Take the 2-minute tour ×
Christianity Stack Exchange is a question and answer site for committed Christians, experts in Christianity and those interested in learning more. It's 100% free, no registration required.

Why do we say that Jesus sacrificed himself for us? I don't mean to offend but I seriously don't understand how it would be a sacrifice.

When Jesus died didn't he end up in heaven? To me, a sacrifice would mean to act in the best interest of others when you know doing so could hurt you. For example, if Jesus knew that he would end up in Hell for all eternity if he chose to die for our sins, I would consider that a sacrifice. In the case of Jesus, was it really bad for him to end up in heaven? Why is it considered a sacrifice?

share|improve this question
3  
You're thinking of sacrifice as in the modern usage where it means a loss, rather than in its essentially sacramental sense. –  david brainerd Apr 9 at 6:09

9 Answers 9

The sacrifice of Jesus was many things.

It was a personal atonement for our sins, bringing salvation. But it is much, much more than only that.

It was a propitiation. God's wrath was/is hot upon the human race, his sacrifice was a shedding of innocent blood to put away that wrath. It was for us, but it was directed toward God. God required innocent blood, Jesus paid the debt...which allowed God legal right (his own standard) to forgive any who would turn to him.

In addition, the term sacrifice, points back to all the OT stuff which required a sacrifice to put away sin. He was the Lamb of God which took on the sin of the world. Notice, he is God's Lamb, not ours. God set his Lamb aside for death, he was accursed (set aside for judgment without hope of redemption) and sacrificed (blood shed for God to see...he was "put forth") in order for God to make his own way to interact with his sinful creation.

Also, the blood which was shed, not only allowed salvation to occur, but it is the same blood that God continues to view us through. Jesus is our high priest interceding for us even now and pointing to the blood, "your just requirements have been fulfilled...I paid if for them."

The sacrifice was indeed a sacrifice however. Not only in the pain and suffering of it all, but by virtue of the fact that he was GOD in the flesh...Immanuel. He had been surrounded and bathed in a pool of glory from eternity past, but in his coming here to die in our place, he left all of that, and became a high priest so he could understand what we go through (he became a perfect high priest). But the coming alone was a sacrifice. To be in a body of sinful flesh was a sacrifice. To live a life among sinners was a sacrifice. To be surrounded by people who didn't even care about him was a sacrifice. For the creator of heaven and earth, Jehovah God to be lonely, misunderstood, called a bastard, mocked, spit on, argued with, rejected, and crucified was truly a sacrifice. He was tempted in all points, just like we are. He sacrificed more than we will ever know. One drop of his blood was worth more than all of our blood put together. It was perfect blood, sinless blood.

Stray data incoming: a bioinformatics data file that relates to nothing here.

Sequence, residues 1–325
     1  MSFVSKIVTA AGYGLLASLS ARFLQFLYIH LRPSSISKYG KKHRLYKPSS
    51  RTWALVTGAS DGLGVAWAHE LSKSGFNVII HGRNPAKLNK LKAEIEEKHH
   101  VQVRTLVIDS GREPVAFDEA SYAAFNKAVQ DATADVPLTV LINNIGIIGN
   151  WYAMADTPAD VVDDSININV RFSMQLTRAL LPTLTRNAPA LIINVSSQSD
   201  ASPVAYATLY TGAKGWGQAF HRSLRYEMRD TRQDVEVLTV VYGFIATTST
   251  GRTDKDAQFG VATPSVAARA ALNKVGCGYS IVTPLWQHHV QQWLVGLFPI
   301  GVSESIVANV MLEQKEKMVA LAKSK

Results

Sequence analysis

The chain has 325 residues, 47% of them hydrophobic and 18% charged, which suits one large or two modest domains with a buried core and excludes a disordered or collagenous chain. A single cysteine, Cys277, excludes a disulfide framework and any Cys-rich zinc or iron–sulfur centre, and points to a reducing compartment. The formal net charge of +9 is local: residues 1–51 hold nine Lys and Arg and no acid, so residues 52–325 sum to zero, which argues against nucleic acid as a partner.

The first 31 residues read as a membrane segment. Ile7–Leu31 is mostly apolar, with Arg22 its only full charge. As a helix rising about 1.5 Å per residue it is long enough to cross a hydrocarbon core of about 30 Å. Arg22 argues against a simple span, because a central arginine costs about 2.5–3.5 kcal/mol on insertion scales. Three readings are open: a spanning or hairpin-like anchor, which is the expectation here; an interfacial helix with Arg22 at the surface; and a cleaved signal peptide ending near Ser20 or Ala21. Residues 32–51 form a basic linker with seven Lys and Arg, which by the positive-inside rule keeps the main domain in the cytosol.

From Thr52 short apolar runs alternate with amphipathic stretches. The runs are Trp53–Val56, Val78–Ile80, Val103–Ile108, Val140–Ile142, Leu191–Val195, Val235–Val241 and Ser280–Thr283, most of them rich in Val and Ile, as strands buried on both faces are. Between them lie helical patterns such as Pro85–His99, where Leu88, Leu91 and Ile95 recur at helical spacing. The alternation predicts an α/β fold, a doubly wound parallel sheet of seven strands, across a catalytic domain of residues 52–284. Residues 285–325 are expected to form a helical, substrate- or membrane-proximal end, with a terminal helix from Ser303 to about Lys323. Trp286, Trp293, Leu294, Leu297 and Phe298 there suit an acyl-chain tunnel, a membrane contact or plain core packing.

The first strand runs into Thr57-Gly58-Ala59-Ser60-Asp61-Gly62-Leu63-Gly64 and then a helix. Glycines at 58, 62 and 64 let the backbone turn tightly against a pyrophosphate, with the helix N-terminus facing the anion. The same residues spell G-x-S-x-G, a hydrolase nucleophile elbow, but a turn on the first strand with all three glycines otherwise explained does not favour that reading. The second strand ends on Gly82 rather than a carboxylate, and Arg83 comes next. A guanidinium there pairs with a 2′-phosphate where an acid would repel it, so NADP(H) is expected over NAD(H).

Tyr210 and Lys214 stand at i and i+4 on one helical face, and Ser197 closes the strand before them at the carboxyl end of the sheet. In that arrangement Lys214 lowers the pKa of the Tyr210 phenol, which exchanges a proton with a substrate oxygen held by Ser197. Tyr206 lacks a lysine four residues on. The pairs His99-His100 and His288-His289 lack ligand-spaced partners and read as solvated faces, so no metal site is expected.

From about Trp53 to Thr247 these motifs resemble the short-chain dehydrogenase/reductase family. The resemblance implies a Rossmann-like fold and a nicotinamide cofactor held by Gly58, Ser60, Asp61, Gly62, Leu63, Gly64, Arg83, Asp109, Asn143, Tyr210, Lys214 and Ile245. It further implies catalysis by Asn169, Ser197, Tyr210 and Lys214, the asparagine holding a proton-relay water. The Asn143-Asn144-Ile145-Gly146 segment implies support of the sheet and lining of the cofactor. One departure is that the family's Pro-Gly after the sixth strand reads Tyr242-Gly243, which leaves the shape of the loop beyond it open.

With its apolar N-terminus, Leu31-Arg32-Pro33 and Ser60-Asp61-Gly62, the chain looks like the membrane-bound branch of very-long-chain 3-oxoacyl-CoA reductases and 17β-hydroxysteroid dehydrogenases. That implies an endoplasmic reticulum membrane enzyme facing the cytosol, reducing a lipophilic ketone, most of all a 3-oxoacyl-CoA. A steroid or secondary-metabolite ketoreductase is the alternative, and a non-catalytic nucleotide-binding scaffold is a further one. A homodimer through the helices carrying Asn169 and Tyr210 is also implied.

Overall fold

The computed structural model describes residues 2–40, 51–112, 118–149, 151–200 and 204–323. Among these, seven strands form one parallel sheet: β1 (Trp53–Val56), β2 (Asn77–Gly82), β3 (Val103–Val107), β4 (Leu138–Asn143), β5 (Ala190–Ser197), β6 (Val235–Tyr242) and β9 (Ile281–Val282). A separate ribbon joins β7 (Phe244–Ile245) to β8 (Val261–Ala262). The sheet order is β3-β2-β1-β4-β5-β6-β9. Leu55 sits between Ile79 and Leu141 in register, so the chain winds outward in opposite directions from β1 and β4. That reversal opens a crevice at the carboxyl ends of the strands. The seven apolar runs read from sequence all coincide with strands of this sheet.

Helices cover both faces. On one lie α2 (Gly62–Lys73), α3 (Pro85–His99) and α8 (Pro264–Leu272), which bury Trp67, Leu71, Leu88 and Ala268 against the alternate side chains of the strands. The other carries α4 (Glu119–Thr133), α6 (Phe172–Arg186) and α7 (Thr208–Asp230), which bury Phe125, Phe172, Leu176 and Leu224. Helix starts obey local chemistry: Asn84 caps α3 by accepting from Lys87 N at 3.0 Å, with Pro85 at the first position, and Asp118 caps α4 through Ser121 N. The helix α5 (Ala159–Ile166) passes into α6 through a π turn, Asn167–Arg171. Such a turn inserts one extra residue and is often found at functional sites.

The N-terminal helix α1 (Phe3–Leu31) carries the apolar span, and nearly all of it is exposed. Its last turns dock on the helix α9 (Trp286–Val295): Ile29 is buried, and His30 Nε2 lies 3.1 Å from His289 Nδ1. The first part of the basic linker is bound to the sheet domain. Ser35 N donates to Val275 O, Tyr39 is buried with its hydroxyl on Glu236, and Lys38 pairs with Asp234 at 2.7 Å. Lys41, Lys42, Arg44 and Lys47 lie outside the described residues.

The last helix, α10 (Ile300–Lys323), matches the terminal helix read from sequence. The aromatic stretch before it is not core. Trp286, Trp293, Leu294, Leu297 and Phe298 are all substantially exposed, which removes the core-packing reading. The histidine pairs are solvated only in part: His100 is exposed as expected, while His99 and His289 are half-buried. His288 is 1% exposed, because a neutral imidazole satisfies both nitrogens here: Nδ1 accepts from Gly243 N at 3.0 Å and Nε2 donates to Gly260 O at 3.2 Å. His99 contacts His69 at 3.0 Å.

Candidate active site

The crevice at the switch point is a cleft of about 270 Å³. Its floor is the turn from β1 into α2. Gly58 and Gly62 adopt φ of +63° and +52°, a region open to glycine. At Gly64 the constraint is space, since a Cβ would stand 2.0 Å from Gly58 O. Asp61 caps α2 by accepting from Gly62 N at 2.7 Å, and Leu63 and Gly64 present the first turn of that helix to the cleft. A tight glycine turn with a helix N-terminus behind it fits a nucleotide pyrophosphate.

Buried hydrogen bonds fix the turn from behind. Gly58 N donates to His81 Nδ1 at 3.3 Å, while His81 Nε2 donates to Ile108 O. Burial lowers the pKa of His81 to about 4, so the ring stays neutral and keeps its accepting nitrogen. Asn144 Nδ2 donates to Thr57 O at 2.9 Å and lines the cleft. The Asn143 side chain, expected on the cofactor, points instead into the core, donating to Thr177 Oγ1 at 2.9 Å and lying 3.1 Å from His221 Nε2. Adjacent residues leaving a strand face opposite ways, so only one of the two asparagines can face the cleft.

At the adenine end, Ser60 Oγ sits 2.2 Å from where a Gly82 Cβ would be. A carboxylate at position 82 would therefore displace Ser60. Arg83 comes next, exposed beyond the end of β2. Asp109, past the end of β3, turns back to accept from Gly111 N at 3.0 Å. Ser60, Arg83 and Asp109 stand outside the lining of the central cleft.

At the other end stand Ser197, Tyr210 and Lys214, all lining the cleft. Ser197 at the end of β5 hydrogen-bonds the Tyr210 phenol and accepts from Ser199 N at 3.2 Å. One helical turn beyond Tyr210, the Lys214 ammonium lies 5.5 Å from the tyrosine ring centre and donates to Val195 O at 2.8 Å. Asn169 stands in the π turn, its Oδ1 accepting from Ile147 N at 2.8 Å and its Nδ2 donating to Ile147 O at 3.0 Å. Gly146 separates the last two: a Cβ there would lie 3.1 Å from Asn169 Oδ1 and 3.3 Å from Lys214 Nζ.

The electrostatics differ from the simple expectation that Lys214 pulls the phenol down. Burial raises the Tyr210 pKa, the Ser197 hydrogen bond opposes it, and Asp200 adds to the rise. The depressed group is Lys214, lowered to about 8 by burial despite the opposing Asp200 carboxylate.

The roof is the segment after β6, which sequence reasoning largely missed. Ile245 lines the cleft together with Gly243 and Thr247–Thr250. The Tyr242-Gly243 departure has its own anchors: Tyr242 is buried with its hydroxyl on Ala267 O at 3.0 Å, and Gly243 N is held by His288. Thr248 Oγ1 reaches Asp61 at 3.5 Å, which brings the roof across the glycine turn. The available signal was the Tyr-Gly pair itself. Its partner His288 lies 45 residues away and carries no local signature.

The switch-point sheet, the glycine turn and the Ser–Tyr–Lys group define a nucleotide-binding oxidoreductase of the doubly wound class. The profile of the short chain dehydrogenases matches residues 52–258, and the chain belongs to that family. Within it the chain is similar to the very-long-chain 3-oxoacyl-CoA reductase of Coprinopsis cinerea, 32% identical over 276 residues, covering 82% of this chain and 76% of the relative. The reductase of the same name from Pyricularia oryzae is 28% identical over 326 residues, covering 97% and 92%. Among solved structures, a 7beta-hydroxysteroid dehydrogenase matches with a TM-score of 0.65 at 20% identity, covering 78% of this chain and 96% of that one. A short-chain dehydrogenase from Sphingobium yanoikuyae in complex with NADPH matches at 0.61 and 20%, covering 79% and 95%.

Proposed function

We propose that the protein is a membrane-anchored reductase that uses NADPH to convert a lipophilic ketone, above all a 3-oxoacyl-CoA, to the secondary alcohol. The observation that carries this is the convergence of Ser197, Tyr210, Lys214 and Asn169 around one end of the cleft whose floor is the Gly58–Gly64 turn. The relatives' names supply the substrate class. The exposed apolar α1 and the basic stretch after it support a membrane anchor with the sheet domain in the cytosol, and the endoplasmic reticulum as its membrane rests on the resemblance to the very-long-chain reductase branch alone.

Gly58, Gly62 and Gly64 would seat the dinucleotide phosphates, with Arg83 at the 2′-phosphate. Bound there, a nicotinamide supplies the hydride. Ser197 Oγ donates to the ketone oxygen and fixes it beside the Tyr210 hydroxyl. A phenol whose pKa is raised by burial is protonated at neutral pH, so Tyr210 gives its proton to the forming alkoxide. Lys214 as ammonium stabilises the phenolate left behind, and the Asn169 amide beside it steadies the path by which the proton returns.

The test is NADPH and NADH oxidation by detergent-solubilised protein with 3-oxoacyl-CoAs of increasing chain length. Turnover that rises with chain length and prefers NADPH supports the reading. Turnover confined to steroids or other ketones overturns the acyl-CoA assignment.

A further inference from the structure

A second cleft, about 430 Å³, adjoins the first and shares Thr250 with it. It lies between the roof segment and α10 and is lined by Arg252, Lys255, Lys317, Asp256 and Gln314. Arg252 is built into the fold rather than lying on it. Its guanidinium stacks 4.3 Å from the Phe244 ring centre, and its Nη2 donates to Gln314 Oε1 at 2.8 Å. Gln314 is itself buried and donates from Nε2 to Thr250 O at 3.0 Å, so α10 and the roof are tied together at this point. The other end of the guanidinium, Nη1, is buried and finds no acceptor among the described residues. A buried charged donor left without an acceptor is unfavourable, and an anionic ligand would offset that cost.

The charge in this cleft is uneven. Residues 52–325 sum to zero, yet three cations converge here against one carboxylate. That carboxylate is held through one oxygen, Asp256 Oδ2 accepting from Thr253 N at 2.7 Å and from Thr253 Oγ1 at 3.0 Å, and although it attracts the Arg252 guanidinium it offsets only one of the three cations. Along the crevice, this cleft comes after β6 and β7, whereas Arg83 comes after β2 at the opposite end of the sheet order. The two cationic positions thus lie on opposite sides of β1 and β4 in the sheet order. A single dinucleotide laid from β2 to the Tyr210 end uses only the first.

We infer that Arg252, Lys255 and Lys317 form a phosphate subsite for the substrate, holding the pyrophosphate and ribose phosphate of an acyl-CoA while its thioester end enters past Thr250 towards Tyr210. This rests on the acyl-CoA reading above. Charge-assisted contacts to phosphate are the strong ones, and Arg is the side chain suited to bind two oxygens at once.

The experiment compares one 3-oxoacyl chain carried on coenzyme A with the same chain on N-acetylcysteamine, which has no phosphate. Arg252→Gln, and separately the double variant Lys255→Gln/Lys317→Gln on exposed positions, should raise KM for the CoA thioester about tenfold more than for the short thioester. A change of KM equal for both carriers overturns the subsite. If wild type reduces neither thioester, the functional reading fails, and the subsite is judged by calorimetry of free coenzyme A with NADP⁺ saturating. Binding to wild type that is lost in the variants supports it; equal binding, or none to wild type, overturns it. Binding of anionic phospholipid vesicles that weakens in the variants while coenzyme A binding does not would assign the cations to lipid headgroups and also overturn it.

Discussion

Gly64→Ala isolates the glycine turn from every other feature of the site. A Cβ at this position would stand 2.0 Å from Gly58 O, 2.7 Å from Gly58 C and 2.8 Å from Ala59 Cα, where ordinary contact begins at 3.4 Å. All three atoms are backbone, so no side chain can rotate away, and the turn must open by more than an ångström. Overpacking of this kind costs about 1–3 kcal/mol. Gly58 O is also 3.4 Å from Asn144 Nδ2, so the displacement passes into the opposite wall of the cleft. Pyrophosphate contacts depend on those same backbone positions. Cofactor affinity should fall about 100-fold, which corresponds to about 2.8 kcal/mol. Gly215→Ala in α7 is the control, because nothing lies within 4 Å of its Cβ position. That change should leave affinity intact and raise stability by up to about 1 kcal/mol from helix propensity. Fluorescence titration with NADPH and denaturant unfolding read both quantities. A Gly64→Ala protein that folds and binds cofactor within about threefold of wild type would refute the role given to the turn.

To reduce the sacrifice to hell or heaven is reducing his will to nothing. True he did not end up in hell for eternity, but his entire existence on this planet was a sacrifice and it was his will to suffer for us.

share|improve this answer

In Jesus' prayer at Gethsemane (Mt 26:39), we see that Jesus was not happy with his cross:

Mt 26:39 (NIV)
Going a little farther, he fell with his face to the ground and prayed, “My Father, if it is possible, may this cup be taken from me. Yet not as I will, but as you will.”

The fact that He was "sorrowful and troubled" (Mt 26:37) and said that his soul was "overwhelmed with sorrow to the point of death" (Mt 26:38), shows that his death was a sacrifice.

share|improve this answer

The basic story of the gospel is this: we, being sons and daughters of Adam, are sinners and because of our sin we deserve punishment from God because he is a just God. At the same time, Good loves us enough that he sent his own Son to both live the perfect life we could never live and to bare the punishment of our son, becoming the ultimate sacrifice. When he died, he didn't go to heaven but the opposite : he was separated from the Father as punishment for our sin. Because of his sacrifice, all you have to do to be saved from eternal damnation is to accept his offer to be your king, father and Lord.

Our at least that's my interpretation of the Protestant / Reformed gospel of salvation.

share|improve this answer

A sacrifice could mean to get something bad you could avoid, but you choose to get for a good reason. Now, Jesus sacrifice is well described in Philippians 2:5-8

5 Let this mind be in you which was also in Christ Jesus, 6 who, being in the form of God, did not consider it robbery to be equal with God, 7 but made Himself of no reputation, taking the form of a bondservant, and coming in the likeness of men. 8 And being found in appearance as a man, He humbled Himself and became obedient to the point of death, even the death of the cross.

Now, this Jesus did not deserve. In Roman 6:23 this is even clearer:

For the wages of sin is death, but the gift of God is eternal life in Christ Jesus our Lord.

Now the wages of our sins is death. Jesus never sinned (according to Hebrews 4:14-15), so He didn't deserve death. But we did! Yet He got our wages (death), while we receive His gift (eternal life).

The Bible gives us other informations regarding the consequence of sin, in Isaiah 59:1-2:

1 Behold, the Lord’s hand is not shortened, That it cannot save; Nor His ear heavy, That it cannot hear. 2 But your iniquities have separated you from your God; And your sins have hidden His face from you, So that He will not hear.

So, according to this text, our sins, our iniquities, create a separation between us and God. Now, when Jesus was on the cross, He said (Matthew 27:46, Mark 15:34):

"My God, My God, why have you forsaken me?"

Jesus was experiencing this separation, that He did not deserve, in our place, since "all have sinned and fall short of the glory of God" (Romans 3:23), so we all deserve being abandoned by God, but Jesus was abandoned and we are not. Now Jesus decided to do this, which was a real sacrifice for Him, because He wanted to save us from being separated from God and die.

He then rose from the dead and went in Heaven because death could not keep him: